Last week, I came across a trailer for a film called Equal Standard that got me going for all the wrong reasons. The drama, which stars rapper Ice-T, is a tale of black gang leaders joining forces to confront the injustice of the NYPD, interweaving stories of race, betrayal and blue-collar cover-ups.
Sound familiar? That’s because it is. For some time now, black suffering has been a theme in Hollywood, and I’ve noticed that in the seven years since the birth of the Black Lives Matter (BLM) movement, our trauma (specifically at the hands of the police) has gone from a subject matter to an entire genre.
Slavery has long been one of Hollywood’s favourite periods of history. From Uncle Tom’s Cabin (1927) to 12 Years a Slave (2013), The Birth of a Nation (1915) to The Birth of a Nation (2016), directors have long narrated American history through the lens of African American enslavement.
Yet since police officer George Zimmerman’s acquittal for shooting unarmed black teenager Trayvon Martin in Florida in 2012, which kickstarted Black Lives Matter, I’ve noticed Hollywood’s fascination with slavery has shifted onto police brutality, and grown exponentially.
In 2013 and at arguably the height of the BLM movement, director Ryan Coogler debuted his first film Fruitvale Station, a biographical drama based on the events leading up to the death of Oscar Grant, killed in 2009 by police officer Johannes Mehserle. The film, which starred Michael B Jordan, did extraordinary things for BLM, forwarding the fight against systemic racism and violence towards black people in America. Hollywood saw the success of the film, which took in $17.4m (£13.3m) at the box office (a hefty sum for such a drama), and it gave the green light to a whole host of others like it – films which, following the deaths of Michael Brown and Eric Garner at the hands of white police officers, were not short of material.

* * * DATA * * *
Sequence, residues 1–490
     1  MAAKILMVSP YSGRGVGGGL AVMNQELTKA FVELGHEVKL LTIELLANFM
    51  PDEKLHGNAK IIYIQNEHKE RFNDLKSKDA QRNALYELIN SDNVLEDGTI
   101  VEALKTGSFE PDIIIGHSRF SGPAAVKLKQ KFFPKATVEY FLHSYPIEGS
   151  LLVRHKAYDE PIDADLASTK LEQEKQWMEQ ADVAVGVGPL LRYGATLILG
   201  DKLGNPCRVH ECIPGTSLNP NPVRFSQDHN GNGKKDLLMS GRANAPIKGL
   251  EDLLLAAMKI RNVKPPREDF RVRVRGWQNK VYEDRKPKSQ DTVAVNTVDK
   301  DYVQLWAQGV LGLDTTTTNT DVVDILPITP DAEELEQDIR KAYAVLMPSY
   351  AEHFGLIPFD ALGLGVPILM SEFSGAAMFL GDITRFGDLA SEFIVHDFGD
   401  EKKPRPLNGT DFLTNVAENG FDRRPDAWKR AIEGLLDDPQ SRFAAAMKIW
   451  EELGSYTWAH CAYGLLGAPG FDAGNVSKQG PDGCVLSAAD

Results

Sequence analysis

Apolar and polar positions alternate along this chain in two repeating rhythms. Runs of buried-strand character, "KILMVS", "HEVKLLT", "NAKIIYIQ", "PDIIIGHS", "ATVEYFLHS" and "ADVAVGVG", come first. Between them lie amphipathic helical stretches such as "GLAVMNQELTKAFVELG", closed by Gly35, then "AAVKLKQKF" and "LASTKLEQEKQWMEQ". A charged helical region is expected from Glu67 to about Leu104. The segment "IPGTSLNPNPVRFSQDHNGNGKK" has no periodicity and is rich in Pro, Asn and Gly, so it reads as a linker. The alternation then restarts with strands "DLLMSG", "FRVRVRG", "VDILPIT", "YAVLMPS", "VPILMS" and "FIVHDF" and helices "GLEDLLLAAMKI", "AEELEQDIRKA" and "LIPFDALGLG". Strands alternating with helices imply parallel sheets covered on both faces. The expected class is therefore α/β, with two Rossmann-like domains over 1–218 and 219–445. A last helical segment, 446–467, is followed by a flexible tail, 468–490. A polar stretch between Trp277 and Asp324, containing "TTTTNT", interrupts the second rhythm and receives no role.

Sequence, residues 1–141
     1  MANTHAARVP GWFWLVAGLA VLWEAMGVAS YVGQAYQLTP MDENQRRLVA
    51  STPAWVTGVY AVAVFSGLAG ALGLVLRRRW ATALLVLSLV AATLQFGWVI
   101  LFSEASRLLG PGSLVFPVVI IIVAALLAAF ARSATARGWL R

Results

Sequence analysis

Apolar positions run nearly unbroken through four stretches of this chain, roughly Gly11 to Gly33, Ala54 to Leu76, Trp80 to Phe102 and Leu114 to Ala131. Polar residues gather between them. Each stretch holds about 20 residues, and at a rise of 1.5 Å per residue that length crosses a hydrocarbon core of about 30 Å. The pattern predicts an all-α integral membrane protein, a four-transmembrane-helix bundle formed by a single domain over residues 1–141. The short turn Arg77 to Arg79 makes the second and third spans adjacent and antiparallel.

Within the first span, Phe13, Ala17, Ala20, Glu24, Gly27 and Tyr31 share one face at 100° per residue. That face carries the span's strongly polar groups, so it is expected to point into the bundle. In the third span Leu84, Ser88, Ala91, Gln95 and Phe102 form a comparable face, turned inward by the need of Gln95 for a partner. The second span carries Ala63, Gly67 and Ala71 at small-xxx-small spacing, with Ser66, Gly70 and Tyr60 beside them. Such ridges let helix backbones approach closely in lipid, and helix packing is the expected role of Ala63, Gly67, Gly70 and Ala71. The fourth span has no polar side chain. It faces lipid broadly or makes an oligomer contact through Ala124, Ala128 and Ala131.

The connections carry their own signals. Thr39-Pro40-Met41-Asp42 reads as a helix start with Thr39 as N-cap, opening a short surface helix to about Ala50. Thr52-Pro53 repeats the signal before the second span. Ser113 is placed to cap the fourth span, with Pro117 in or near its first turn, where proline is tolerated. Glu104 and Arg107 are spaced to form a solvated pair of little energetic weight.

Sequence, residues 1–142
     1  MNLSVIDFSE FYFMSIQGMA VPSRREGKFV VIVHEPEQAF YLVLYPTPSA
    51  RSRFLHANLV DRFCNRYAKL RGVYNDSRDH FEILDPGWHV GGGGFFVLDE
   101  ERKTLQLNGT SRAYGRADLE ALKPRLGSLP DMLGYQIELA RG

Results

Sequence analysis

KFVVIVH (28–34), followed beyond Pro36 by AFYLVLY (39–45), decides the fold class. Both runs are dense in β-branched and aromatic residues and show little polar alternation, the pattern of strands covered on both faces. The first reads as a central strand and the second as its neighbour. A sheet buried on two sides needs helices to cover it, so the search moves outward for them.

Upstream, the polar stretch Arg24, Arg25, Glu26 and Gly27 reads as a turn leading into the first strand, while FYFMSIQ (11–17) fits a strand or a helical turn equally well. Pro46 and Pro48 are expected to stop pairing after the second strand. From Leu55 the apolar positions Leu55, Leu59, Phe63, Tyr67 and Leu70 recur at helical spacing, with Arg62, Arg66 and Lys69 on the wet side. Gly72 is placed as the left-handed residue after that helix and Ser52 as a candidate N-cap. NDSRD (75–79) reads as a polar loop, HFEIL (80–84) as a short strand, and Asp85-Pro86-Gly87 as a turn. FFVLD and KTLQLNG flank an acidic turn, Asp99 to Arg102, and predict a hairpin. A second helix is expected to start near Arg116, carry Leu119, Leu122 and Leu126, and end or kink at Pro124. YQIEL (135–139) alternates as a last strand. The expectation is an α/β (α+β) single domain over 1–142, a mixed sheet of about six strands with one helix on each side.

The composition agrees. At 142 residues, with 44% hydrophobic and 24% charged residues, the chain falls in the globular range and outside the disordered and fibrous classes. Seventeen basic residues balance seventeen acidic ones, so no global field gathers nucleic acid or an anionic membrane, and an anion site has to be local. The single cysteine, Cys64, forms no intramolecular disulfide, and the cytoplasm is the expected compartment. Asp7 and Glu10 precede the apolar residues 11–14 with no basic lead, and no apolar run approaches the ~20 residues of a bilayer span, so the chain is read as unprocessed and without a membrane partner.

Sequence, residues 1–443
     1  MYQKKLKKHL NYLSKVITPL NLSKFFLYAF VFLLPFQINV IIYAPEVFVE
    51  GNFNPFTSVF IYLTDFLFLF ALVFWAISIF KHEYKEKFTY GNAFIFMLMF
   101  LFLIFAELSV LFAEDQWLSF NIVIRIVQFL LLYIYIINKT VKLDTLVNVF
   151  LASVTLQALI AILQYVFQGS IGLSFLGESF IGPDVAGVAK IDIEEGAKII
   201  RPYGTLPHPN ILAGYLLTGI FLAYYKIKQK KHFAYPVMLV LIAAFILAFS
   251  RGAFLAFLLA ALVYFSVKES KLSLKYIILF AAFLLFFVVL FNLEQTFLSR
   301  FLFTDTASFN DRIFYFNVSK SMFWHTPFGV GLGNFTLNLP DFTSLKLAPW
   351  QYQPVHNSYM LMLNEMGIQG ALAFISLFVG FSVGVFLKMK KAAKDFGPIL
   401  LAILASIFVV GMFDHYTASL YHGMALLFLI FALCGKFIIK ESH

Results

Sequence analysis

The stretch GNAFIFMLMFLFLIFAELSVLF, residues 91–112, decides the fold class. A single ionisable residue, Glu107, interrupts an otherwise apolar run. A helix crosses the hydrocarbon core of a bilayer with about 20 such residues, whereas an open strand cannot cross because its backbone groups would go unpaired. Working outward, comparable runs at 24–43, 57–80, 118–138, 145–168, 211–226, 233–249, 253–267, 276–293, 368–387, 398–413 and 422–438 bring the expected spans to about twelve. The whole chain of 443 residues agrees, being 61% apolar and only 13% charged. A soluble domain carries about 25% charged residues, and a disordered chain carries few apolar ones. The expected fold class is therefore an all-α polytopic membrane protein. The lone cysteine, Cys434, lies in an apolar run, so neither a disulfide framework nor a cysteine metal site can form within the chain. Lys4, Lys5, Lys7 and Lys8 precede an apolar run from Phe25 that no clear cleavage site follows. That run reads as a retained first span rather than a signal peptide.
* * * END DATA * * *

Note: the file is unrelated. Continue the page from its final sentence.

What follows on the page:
The following few years delivered a flock of films inspired by police brutality: Detroit (2017), about the Detroit Police Department’s raid on a group of African Americans in the 1960s; LA 92 (2017), about the 1992 Los Angeles riots; The Hate U Give (2018), in which a high school student witnesses a police shooting; and Monsters and Men (2018), the story of a police officer killing of a black man, told through the eyes of a bystander who filmed it.
Since 2013, in other words, it seems as if the most fertile ground for black cinema has been trauma.
And if the director wants an Oscar, they’ll throw in a white saviour for good measure.
Yet the proliferation of black narratives feels excessive. Black people don’t need 50 police brutality films a year to remind us of the injustices we’ve faced and continue to face – we’ve been knowing. Imagine forcing Harriet Tubman or Solomon Northup to rewatch what they’ve lived through several times a year, supposedly for entertainment.
Worse still, it feels exploitative. I’ve begun to wonder how much directors genuinely want to investigate black trauma, and how much they wish to profit from it, knowing it is a tried-and-tested path to critical acclaim.
I understand how these police brutality films can be both eye-opening for those who weren’t aware of black struggles, and goosebumps-inducing for those that were, however, there’s so much more to black lives than their toxic entanglement with law enforcement.
Tales of black pain are a dime a dozen. Fewer and further between are storylines – like those of Moonlight (2016), Black Panther (2018), Sorry To Bother You (2018) and Little (2019) – that showcase black people living happy, healthy lives. I challenge Hollywood to make more of those films: films that leave us laughing, and will leave them laughing all the way to the bank.
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